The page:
A special hat filled with six cups’ worth of ground coffee may make it easier for surgeons to succeed at some kinds of nose and throat surgery. This study presents the news:
“Coffee: the key to safer image-guided surgery—a granular jamming cap for non-invasive, rigid fixation of fiducial markers to the patient,” Patrick S. Wellborn [pictured here, not wearing a cap], Neal P. Dillon, Paul T. Russell, and Robert J. Webster, International Journal of Computer Assisted Radiology and Surgery, vol. 12, no. 6, 2017, pp. 1069-1077.
The authors, at Vanderbilt University, report: “Our granular jamming cap surrounds the head and conforms to the contours of the patient’s skull. When a vacuum is drawn, the device solidifies in a manner conceptually like a vacuum-packed bag of ground coffee, providing a rigid structure that can firmly hold fiducial markers to the patient’s skull…. We tested our new approach… Conclusion —The granular jamming cap concept increases the robustness and accuracy of image-guided sinus and skull base surgery by more firmly attaching fiducial markers to the patient’s skull.”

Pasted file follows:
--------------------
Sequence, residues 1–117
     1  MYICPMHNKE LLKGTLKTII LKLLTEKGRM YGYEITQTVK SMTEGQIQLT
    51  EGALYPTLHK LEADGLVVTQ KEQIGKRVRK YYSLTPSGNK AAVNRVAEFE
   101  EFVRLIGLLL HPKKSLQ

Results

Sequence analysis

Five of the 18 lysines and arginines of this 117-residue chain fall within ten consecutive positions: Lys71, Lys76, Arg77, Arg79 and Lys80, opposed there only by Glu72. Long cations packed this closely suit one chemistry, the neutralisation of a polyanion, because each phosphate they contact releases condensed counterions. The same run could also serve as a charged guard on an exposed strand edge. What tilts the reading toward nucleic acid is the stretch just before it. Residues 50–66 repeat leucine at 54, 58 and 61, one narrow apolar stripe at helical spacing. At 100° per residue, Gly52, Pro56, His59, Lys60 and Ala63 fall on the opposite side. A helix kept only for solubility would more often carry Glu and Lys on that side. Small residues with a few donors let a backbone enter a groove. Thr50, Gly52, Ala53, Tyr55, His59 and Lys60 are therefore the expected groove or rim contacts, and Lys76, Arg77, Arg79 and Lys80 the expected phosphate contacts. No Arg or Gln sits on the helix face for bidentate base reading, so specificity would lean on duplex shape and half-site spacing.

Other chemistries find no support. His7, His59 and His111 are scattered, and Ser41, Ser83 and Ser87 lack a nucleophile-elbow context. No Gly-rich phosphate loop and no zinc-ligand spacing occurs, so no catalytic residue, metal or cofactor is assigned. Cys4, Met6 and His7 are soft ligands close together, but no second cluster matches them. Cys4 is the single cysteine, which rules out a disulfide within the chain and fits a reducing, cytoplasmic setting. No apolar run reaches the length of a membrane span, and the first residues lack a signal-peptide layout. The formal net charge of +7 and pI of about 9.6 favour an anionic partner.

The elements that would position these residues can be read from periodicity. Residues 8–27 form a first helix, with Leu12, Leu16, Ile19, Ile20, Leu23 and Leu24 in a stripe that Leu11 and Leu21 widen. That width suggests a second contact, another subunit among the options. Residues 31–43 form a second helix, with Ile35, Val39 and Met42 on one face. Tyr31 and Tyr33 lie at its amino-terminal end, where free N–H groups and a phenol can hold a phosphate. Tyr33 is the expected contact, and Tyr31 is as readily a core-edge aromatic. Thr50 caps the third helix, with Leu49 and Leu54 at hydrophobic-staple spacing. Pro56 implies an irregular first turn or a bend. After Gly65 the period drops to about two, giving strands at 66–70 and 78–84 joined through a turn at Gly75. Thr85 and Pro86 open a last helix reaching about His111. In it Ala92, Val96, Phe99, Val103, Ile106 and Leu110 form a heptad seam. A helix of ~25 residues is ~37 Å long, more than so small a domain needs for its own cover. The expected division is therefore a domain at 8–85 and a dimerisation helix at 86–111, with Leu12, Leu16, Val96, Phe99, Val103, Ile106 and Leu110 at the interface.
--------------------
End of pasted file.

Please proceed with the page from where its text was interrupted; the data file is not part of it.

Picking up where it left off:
This short video gives a brief, graphic demonstration of how the thing works:
The hat itself is constructed along the same principles used to make an old-fashioned toy called Stretch Armstrong. The toy, shown in this 1994 TV commercial, used a substance other than coffee, though: